Audiobooks can be a lifesaver for kids with dyslexia, but they also have some great homeschool applications. Here are 5 places to find audiobooks to use with your students.
Let’s Talk About Finding Audiobooks
They’re particularly useful in a homeschool or classroom setting, where students who have trouble reading can often enjoy a book without having to experience the frustration of reading the words on a page. For my dyslexic teenager, audiobooks open up a whole new world and make reading fun. Ear reading is just as valid as sight reading, as the purpose of reading is getting the information in your head! Audiobooks can be found in a great variety of places—often for free or a very low price. Here are a few places you can go to find practically any book with a recording
5 Places to Find Audiobooks
Audible is probably one of the most well-known places to get audiobooks. You can sign up for a free 30-day trial, which includes one credit for any audiobook in their extensive library. Once you sign up for the service, you can get heavily discounted prices on audiobooks. If you decide to keep your membership after the trial is over, you receive 1 credit a month for your $14.95 subscription fee. They’re currently having a promotion where you can try Audible and get two free audiobooks. If you want to get the latest audiobooks on the cheap, Audible is an excellent service to subscribe to. My oldest son has dyslexia and Audible is his favorite choice for audiobooks.
YouTube? Yes, YouTube! It’s a home for more than cute animal videos and weird food challenges. There are a great many recordings of classic literature to be found there, narrated by professional actors. While a search on the site will most likely reveal what you are looking for, there are a few well-established channels that specialize in this. Check out CCProse and CCProseKids, both of which regularly update with new, high-quality audiobooks. A few favorites that they’ve narrated: Anne of Green Gables, Black Beauty, and Frankenstein. CCProse also make full use of their video format to put the words on the screen so that a student can follow along with the narrator.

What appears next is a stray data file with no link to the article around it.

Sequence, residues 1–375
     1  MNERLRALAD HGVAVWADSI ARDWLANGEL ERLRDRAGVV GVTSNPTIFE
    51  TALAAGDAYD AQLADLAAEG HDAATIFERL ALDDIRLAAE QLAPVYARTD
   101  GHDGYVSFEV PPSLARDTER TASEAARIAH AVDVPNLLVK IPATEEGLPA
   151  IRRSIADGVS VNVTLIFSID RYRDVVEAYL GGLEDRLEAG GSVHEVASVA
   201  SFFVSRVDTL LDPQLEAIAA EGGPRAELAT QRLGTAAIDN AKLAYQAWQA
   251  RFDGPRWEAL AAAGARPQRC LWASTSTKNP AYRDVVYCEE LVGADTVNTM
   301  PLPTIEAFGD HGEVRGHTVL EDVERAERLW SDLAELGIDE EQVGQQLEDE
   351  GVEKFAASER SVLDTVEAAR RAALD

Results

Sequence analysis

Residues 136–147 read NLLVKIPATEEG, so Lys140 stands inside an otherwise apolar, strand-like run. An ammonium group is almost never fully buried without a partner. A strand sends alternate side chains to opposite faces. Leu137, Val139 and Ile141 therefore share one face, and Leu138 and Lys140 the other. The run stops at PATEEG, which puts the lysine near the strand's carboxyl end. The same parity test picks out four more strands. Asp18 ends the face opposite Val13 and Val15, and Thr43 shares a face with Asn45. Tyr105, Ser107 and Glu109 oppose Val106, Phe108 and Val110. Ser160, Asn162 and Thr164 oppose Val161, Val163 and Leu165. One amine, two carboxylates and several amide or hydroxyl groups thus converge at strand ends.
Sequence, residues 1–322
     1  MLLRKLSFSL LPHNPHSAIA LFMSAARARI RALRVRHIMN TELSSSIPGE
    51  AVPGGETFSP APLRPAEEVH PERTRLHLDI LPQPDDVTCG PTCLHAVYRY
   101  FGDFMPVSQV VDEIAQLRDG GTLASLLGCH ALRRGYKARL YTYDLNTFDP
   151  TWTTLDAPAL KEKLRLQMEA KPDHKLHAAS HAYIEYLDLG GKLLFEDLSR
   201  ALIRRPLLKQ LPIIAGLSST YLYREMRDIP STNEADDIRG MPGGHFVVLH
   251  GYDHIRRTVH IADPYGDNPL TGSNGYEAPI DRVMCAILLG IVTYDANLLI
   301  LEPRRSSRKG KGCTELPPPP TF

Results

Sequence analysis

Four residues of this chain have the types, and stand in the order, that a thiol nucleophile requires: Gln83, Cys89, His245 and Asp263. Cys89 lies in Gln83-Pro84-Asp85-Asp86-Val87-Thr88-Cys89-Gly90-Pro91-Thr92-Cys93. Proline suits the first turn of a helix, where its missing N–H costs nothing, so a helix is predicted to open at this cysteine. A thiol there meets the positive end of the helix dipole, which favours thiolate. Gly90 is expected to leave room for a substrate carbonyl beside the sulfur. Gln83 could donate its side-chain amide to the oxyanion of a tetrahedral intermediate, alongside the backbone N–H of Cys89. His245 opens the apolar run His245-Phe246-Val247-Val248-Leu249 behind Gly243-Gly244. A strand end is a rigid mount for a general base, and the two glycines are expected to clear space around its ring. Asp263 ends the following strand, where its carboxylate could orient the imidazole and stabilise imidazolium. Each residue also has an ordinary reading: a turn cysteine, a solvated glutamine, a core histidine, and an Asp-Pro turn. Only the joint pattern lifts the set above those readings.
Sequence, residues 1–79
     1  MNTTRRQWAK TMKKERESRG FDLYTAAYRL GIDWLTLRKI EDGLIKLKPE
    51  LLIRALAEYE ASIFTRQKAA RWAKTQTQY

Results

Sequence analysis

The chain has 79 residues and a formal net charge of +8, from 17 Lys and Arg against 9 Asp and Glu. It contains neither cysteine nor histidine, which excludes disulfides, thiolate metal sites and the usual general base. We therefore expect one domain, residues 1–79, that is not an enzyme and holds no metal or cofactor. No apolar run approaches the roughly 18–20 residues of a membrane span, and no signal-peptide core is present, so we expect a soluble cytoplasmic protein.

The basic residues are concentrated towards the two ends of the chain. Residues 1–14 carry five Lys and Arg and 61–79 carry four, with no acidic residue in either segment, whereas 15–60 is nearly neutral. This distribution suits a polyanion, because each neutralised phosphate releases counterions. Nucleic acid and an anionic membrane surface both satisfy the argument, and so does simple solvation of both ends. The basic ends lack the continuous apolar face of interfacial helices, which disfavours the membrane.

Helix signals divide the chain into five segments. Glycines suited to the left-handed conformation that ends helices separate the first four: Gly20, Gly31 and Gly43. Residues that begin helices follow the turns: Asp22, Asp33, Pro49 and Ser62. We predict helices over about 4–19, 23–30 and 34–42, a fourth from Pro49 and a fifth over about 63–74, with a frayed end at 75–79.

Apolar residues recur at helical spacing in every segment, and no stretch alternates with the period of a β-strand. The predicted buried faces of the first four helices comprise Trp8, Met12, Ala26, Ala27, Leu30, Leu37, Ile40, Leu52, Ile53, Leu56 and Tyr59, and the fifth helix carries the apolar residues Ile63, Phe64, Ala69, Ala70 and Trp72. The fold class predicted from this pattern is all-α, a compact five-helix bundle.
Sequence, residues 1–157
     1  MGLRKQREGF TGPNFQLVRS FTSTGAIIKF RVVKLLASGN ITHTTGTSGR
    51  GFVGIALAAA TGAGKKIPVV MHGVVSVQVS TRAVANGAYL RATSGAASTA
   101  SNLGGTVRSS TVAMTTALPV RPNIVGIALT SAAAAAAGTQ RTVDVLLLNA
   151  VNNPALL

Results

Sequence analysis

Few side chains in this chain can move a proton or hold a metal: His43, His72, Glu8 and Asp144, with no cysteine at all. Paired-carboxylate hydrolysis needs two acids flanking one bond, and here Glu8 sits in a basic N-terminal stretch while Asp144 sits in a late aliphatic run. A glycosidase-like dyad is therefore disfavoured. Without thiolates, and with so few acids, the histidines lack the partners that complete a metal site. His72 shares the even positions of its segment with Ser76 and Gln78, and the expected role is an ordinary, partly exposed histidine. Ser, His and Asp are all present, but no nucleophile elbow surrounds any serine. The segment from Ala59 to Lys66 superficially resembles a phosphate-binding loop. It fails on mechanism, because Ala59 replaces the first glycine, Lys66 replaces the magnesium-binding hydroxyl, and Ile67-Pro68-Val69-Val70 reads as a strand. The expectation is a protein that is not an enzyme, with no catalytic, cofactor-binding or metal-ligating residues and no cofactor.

3. THE LIBRARY
Your local library probably has a great volume of audiobooks—both recent and classic. These come in CD format, but it’s usually a quick matter to rip them onto your computer and then transfer the files onto your mp3 player or phone. Even if your local branch doesn’t have the audiobook you’re looking for, you can check the catalog or ask the librarian to know if another branch may have a copy. Many library systems have also expanded their collection into digital formats. Look on your library system’s website to learn more about all of their available audiobook resources. And the only thing you need to access all of this is a library card!
Librivox specializes in releasing recordings of public domain books. Born from a community of book-lovers, this website is committed to producing high-quality audiobooks that anyone can access. You can access the books in a variety of ways—directly from Librivox’s website, through iTunes, or by streaming. The site allows anyone to download the entire book into a zip file, but you can also access many books one chapter at a time. In a homeschool or classroom setting, this allows you to help the students digest the contents of the chapter and address questions before continuing.
If you’re willing to go out on a bit of a limb in your book choice, then take a look at Podiobooks. Up-and-coming authors are able to submit their works to this site, which then distributes them for free. It gives new authors exposure for their works, which means that you’re certain to find new and exciting stories there, but it also means that the sound quality is sometimes lower than many other audiobook sources. The site does have a nifty ratings system, which might help you select a good book.
What are some of your favorite resources for audiobooks?